Below I will provide you with a quick and dirty, yet relatively adequate way of assessing how good a venture capital fund actually is at what it does and, as such, how much of a Thomas Edison it can really be for you.


Assessing VC Quality

You could argue for different ways of defining the quality of a VC, from either a financial or more societal perspective. However, it is my interpretation that these are largely equivalent in practice.

I see across henQ’s as well as colleagues’ portfolios that financial gains tend to go hand in hand with optimal societal impact. That makes sense. High growth companies with an attractive business model tend to have the strongest ability to attract capital, and by extension of this access to capital, the greatest ability to generate impact.

Even though this might be a rough assumption, I think it holds quite well. Hence, when looking for a well performing, winning VC fund, I will assume for now it does not really matter whether you take on a societal or purely financial perspective.

In light of that assumption, I think the easiest way to judge the quality of a VC fund is by its ability to invest in enough high growth companies such that the fund returns sufficient money to its shareholders, making the latter group happy enough to invest in the VC firm if they would have the opportunity again.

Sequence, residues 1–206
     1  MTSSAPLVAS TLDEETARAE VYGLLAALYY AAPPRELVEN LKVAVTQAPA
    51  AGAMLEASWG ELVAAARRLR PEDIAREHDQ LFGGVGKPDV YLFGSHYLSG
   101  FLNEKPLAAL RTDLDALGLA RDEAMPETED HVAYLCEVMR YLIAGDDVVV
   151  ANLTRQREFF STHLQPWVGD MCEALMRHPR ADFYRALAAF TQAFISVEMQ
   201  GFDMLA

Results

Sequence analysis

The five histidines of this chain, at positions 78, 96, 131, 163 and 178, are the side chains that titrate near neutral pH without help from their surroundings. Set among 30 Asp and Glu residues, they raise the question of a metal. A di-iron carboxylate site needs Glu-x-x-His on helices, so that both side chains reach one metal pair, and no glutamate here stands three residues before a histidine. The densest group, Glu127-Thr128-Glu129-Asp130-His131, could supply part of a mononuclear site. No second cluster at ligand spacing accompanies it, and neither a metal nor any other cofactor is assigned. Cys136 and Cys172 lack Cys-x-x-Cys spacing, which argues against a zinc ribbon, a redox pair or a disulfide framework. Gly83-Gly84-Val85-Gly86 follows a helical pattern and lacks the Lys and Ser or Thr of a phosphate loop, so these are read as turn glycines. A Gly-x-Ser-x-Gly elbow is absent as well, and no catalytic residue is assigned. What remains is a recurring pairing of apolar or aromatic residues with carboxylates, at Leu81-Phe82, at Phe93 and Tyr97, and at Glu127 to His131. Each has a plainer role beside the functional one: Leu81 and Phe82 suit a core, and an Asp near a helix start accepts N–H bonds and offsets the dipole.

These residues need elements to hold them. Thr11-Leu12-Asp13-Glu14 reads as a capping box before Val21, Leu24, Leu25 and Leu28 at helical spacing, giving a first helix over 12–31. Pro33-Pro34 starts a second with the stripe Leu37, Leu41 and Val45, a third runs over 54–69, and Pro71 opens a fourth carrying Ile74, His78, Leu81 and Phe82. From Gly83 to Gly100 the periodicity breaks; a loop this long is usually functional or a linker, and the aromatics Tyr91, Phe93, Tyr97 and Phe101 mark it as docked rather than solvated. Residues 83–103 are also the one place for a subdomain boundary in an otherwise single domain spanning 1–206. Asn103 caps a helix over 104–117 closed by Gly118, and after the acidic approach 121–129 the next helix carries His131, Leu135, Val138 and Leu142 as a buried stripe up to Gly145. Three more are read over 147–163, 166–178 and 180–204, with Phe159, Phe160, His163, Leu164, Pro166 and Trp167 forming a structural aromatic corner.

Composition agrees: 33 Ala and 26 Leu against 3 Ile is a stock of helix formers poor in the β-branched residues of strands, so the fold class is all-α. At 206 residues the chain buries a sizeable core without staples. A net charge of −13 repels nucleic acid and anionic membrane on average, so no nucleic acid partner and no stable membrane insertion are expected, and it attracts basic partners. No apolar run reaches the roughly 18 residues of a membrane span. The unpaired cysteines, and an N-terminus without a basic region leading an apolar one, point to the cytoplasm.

To keep things simple, I will assume that more money returned means happier shareholders, which again is a rough assumption that roughly but sufficiently reflects reality.

In practice, most of the very best VC firms:

  • Have spotted one or more major winners (“fund returners”) every 3-5 years. (If a firm does not produce winners, it probably is not the most successful VC, even if all the partners of the firm went to Harvard and previously worked at the most impressive growth companies.)
  • Invested in such winners in the right phase and within the industries they focus at (e.g. if you are looking for seed funding for a market place from a fund that invests in market place seed a lot but has its major winners coming from €15mln+ medical equipment investments, it might not be the best fit).
  • Invested in their winners in the right geography (e.g. if you are applying for a job at the Danish office of a successful VC that meets the above criteria, but invested in most of its winners from San Francisco, you might still not get exposed to the Thomas Edison Effect).